April 25, 2020 / 4:33 AM / a month ago

As Georgia re-opens, an Atlanta-area salon tests limits of social distancing

MARIETTA, Ga. (Reuters) - A dozen customers lined up outside the Three-13 Salon, Spa & Boutique in suburban Atlanta on Friday morning, each standing six feet apart and eagerly awaiting their first haircuts or colorings since the coronavirus pandemic forced Georgia to lock down.

Before being allowed to enter, staff members took each customer’s temperature and asked a series of questions: Do you have a cough? Have you recently had a fever? Has anyone in your house been sick or quarantined in the last 14 days?

Each client then received a colored sticker, indicating clearance to enter the building, located in the northern suburb of Marietta.

The scene - like others playing out across Georgia - was part of a test case in the reopening of the slumbering U.S. economy a month after stay-at-home orders were put in place across most of the country.

To date, the virus has claimed about 50,000 American lives, including more than 880 in Georgia, where non-essential businesses including barber shops, salons and bowling alleys were allowed to open their doors Friday under an order from Republican Governor Brian Kemp.

The order has stirred objections. A number of mayors across the state said it comes too early and creates an unnecessary health risk. President Donald Trump, a key political ally of Kemp, said this week he was “not happy” with the decision. Some business owners have simply decided to remain shut.

But at Three-13 salon, which has been in business for more than four decades, co-owner and manager Lester Crowell decided it was time to get back to work. He said he consulted with his 85-member staff during a meeting held in the parking lot that he ran from the back of a pickup truck, megaphone in hand, and found all but a few supported reopening.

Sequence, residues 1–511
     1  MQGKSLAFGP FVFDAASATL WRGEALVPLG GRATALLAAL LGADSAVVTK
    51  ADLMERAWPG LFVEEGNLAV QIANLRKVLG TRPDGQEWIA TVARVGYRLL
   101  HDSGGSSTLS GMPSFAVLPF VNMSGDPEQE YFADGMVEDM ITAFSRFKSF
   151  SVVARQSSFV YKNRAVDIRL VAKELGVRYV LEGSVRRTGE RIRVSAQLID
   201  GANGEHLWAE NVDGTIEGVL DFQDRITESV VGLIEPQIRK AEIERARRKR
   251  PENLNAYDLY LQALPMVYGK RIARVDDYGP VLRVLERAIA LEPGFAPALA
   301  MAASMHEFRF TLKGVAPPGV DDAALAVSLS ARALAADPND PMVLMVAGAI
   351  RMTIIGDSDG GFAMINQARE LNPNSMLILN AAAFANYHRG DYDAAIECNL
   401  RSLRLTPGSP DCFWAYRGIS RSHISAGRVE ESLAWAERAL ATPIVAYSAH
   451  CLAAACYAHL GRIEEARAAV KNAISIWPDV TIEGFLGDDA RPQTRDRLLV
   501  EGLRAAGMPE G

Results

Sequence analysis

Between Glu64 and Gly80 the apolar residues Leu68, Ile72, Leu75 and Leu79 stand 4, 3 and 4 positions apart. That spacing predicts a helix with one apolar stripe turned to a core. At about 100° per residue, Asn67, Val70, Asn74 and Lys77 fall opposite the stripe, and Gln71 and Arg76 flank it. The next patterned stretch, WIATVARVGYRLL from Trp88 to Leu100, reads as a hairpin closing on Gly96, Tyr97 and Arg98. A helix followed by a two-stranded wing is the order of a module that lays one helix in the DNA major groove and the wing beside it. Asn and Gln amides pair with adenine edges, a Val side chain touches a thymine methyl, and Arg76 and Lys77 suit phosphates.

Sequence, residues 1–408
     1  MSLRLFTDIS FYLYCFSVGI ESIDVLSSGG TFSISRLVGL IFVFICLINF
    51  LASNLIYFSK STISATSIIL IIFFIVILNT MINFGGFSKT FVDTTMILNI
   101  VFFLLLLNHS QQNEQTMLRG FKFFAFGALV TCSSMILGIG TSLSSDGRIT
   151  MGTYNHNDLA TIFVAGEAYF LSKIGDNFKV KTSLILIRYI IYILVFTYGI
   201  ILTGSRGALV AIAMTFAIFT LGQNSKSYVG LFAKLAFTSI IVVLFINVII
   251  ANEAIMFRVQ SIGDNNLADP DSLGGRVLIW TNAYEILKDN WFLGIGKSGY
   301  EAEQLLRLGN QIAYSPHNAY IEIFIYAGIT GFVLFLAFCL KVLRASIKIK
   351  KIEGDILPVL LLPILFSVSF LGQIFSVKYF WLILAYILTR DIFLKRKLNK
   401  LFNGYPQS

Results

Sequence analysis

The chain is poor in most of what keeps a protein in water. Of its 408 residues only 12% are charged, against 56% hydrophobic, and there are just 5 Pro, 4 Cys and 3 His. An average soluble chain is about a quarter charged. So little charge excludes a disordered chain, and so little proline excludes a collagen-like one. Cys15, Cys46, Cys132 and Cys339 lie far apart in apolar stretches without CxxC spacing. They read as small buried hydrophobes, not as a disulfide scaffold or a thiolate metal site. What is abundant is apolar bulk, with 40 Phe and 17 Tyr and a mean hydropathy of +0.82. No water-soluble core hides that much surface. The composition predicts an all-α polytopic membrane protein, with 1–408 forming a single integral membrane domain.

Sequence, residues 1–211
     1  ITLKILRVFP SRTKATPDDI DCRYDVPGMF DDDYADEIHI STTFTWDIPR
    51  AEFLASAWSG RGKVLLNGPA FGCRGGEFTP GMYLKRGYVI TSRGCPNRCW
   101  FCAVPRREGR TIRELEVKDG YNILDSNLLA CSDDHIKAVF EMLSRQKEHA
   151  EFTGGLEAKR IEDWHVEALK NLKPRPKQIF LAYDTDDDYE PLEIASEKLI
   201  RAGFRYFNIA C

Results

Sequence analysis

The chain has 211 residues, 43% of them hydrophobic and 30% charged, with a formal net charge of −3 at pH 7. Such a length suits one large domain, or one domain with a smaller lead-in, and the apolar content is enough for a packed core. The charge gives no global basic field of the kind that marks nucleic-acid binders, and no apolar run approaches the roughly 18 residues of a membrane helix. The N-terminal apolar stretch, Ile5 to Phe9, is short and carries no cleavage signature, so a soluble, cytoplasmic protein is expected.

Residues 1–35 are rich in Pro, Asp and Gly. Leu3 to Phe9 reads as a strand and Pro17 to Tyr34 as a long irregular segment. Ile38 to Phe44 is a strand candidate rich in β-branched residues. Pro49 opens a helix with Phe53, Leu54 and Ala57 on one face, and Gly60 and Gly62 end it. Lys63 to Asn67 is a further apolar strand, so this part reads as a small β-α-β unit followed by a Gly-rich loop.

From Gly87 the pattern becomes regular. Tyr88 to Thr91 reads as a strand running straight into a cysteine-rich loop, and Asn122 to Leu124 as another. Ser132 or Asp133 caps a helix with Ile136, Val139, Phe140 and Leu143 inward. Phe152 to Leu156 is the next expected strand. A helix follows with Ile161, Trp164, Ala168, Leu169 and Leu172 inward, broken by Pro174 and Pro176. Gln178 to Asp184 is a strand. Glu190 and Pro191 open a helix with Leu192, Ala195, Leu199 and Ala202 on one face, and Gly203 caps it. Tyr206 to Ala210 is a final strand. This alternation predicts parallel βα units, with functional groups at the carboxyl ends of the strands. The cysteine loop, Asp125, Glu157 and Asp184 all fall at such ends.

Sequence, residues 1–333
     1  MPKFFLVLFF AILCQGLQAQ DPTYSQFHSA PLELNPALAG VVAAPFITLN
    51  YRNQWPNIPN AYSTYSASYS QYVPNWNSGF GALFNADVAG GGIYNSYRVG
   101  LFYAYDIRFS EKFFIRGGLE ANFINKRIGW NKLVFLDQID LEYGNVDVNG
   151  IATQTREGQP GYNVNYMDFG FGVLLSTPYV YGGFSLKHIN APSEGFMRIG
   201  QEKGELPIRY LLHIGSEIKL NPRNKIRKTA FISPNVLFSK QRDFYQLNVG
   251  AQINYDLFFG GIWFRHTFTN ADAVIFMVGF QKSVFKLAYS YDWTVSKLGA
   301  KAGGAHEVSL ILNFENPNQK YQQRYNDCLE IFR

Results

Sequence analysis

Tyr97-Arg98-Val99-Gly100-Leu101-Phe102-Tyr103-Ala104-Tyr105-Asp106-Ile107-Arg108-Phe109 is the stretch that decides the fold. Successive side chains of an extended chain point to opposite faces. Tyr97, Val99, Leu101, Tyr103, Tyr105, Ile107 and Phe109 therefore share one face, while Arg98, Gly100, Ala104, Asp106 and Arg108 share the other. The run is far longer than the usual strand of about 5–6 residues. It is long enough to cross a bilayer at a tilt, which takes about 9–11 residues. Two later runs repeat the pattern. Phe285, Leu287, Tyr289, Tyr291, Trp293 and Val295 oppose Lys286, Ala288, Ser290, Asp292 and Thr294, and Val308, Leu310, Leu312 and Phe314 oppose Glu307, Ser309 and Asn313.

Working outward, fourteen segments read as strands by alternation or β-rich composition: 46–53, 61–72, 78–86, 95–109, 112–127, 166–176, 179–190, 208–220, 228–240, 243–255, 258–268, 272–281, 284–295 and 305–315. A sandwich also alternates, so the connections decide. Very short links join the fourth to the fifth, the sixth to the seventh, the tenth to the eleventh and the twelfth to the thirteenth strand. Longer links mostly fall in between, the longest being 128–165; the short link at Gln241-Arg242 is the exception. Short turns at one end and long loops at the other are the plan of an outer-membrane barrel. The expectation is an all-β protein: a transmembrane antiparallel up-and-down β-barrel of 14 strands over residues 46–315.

“We’ve been hurting real bad,” said Crowell, 63, estimating he had lost about $450,000. “As of today, we’ve been closed for 33 days. My employees had to go on unemployment and worry if they could make ends meet. I had to dip into my own bank account to keep the lights on here.”

Hairdresser Rachel Costello, 31, of Marietta, colors the hair of customer Lisa Doss, 57, of Cartersville, Georgia at the Three-13 Salon, Spa & Boutique after it reopened from coronavirus disease (COVID-19) restrictions in Marietta, Georgia, U.S. April 24, 2020. REUTERS/Rich McKay

A longtime customer, Lisa Doss, 57, said she was eager to get back to something at least approaching normal.

“I haven’t had my roots dyed in a month. Look there’s what, an inch of gray showing?” said Doss, a retired office worker. “I had to wear a hat everywhere I went.”

But the salon is not exactly the same. Customers sit six feet apart, they are given disposable gowns and there are far fewer staffers helping customers, about half the normal number of stylists and technicians. On a normal Friday, about 300 customers would come through the salon. This day, only about a third of that number were expected.

About 20 miles south in Atlanta’s Buckhead neighborhood, Thomas Barber Shop owner “Tommy” Thomas, 69, has been cutting hair for about 50 years. He said he hated to stop during the lockdown.

“Yeah, I’ve got to cut hair and make some money,” he said. “I’ve got to pay rent and I’ve got to pay my barbers some money to help them out.”

The first hours on Friday, he said, had taken some adjustment. He wore gloves to cut hair, something he said he disliked. He wore a mask.

Still, he said, “I’m going to comply with our government and do what we need to do to be operating.”

Other shops were not as eager to reopen. Across Marietta at The Barber and Style Shop, owner Sandra Haynes, 44, said, “It’s too soon to open, but I have no choice. If I stay closed my customers will go somewhere else.”

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She was open on Friday for business by appointment only. No walk-ins, no waiting area.

“I usually do about 22 cuts a day,” said Haynes, who mostly does men’s hair. “I know it’s going to drop way off. But what else can I do?”

Reporting by Rich McKay and Julio-Cesar Chavez in Atlanta; Editing by Leslie Adler

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